People who thrive under pressure do not necessarily seek
out particular professions, researchers say. But whether
they are on the trading floor or the campaign trail, they
all appear to have had early experiences in difficult
environments that taught them how to regulate their stress
levels. They can sense when they are reaching their
breaking point, and they know when to take a walk or turn
off the ringer.

In some cases, these people subject themselves to stresses
of their own making, driven by an unconscious urge to
conquer pressures that dogged them as children or young
adults, said Steven Kuchuck, a psychotherapist in New York
who treats many patients who seek out demanding jobs and

"There's this strong desire to go back to similar sources
of stress that they grew up with in an effort to master
it," Mr. Kuchuck said. "Some people will say 'No, I don't
like a lot of stress,' but they find themselves in one
stressful job after another, so there must be something
that's pulling them."

Mr. Kuchuck has also seen the opposite: people who crave a
frenzied career because they feel their childhoods were not
stimulating at all.

But regardless of what propels people to push themselves,
what allows them to prosper, psychologists say, is a strong
commitment to their career, a feeling of being in control,
and a tendency to view stress as a challenge rather than as
a burden.

People's attitudes toward their jobs and the degree to
which they feel they make a difference by showing up each
day have long been considered powerful indicators of how
well they will do. Being just another cog in a machine with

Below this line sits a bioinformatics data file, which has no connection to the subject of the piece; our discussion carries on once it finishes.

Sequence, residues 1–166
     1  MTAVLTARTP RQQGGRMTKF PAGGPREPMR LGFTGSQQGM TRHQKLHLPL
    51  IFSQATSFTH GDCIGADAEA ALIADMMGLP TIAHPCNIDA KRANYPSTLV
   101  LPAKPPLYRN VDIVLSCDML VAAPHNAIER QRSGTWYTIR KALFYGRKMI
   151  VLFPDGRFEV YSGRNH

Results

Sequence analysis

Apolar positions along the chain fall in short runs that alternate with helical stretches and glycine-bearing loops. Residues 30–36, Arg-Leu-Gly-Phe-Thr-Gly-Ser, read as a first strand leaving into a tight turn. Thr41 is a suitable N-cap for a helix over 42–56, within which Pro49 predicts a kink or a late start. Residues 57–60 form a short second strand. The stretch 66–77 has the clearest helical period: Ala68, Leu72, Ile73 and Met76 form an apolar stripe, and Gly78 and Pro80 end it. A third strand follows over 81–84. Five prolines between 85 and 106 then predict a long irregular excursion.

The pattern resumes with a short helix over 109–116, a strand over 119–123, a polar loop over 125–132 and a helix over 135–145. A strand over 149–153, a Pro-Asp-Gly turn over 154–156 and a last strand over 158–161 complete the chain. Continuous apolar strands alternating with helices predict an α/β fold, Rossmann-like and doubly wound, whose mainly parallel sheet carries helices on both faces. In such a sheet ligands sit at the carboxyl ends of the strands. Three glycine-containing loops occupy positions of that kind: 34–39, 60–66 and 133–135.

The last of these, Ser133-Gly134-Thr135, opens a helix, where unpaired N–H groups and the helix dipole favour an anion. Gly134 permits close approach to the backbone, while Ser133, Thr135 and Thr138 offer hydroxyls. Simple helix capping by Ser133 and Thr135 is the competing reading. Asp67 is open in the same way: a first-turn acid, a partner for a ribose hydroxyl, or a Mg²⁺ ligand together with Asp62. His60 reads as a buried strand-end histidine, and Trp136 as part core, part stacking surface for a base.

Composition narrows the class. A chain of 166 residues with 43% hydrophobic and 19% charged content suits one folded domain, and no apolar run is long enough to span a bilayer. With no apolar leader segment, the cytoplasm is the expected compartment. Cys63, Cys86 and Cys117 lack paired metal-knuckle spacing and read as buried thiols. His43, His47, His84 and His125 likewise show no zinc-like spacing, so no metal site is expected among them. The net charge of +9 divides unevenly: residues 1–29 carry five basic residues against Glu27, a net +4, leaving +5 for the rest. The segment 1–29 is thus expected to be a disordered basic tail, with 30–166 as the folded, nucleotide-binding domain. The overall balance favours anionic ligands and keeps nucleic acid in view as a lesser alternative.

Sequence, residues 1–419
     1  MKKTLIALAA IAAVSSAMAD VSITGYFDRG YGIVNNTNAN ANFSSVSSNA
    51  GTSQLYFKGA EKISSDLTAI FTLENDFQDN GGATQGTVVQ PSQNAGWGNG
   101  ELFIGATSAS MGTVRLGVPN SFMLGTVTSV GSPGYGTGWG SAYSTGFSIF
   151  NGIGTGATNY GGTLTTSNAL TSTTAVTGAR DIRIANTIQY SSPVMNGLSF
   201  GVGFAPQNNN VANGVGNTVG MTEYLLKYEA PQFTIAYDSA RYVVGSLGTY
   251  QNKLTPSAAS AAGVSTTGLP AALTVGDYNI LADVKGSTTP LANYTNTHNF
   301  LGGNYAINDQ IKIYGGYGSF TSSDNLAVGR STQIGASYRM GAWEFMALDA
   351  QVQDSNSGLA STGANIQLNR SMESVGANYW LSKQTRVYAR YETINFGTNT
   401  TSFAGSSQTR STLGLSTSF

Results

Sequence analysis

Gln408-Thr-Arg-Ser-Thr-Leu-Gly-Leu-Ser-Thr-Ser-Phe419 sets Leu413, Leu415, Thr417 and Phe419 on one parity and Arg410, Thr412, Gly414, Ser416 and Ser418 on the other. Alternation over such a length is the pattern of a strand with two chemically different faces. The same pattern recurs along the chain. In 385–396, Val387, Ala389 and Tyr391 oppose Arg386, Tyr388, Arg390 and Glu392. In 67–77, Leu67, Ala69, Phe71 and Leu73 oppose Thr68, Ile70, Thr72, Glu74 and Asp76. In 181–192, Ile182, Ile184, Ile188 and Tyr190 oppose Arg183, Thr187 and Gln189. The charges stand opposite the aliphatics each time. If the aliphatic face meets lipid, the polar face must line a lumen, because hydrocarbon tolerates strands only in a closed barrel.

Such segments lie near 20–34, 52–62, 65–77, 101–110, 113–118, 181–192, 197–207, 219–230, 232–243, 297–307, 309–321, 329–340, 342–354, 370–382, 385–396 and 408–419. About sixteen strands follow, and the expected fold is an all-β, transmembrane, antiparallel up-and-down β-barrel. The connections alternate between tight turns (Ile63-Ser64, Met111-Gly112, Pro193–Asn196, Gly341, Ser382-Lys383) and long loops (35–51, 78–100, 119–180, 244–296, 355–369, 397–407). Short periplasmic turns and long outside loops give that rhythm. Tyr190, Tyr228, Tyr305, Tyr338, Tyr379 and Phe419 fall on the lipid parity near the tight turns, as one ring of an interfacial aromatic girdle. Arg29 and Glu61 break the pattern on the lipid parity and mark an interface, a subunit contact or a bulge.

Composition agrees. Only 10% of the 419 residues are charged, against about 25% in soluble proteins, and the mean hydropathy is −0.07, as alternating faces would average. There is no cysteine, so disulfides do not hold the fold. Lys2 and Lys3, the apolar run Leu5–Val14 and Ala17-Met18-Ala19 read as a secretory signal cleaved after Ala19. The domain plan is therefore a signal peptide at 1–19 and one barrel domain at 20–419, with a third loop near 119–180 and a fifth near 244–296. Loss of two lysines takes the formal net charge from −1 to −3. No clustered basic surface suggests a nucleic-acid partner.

no say over what happens is almost guaranteed to cause
burnout. But even in the most grueling work environment,
people can cope if they feel they have some control.

Studies of professional musicians show that people in
orchestras are often less satisfied and more stressed than
those in small chamber groups because they lack autonomy,
according to Dr. Robert M. Sapolsky, a professor of biology
and neurology at Stanford and the author of "Why Zebras
Don't Get Ulcers." Orchestra musicians are at the mercy of
their maestro's every whim. For years, they had no power
even to take regular bathroom breaks.

"The people who are under someone's thumb, who are
low-ranking and don't have any decision-making,'' Dr.
McEwen said, "these are the people who always experience
more anxiety."

People who exhibit hardiness are reluctant to cede control.
They are also less likely to feel victimized by their
bosses or by unpredictable life circumstances. When there
is a crisis at work, they can tough it out because they
accept a harsh workload or the occasional pink slip as an
unsavory but inevitable part of life, psychologists say.

"They know there'll be different challenges, some you can't
even anticipate, yet they train their minds to say these